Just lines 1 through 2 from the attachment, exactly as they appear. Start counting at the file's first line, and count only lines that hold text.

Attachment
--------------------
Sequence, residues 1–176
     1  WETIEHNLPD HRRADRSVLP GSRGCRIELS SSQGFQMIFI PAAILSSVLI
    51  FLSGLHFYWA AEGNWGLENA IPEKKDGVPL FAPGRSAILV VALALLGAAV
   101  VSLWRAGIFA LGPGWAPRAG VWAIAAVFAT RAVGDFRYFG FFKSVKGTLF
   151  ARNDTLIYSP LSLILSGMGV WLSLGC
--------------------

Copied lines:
Sequence, residues 1–176
     1  WETIEHNLPD HRRADRSVLP GSRGCRIELS SSQGFQMIFI PAAILSSVLI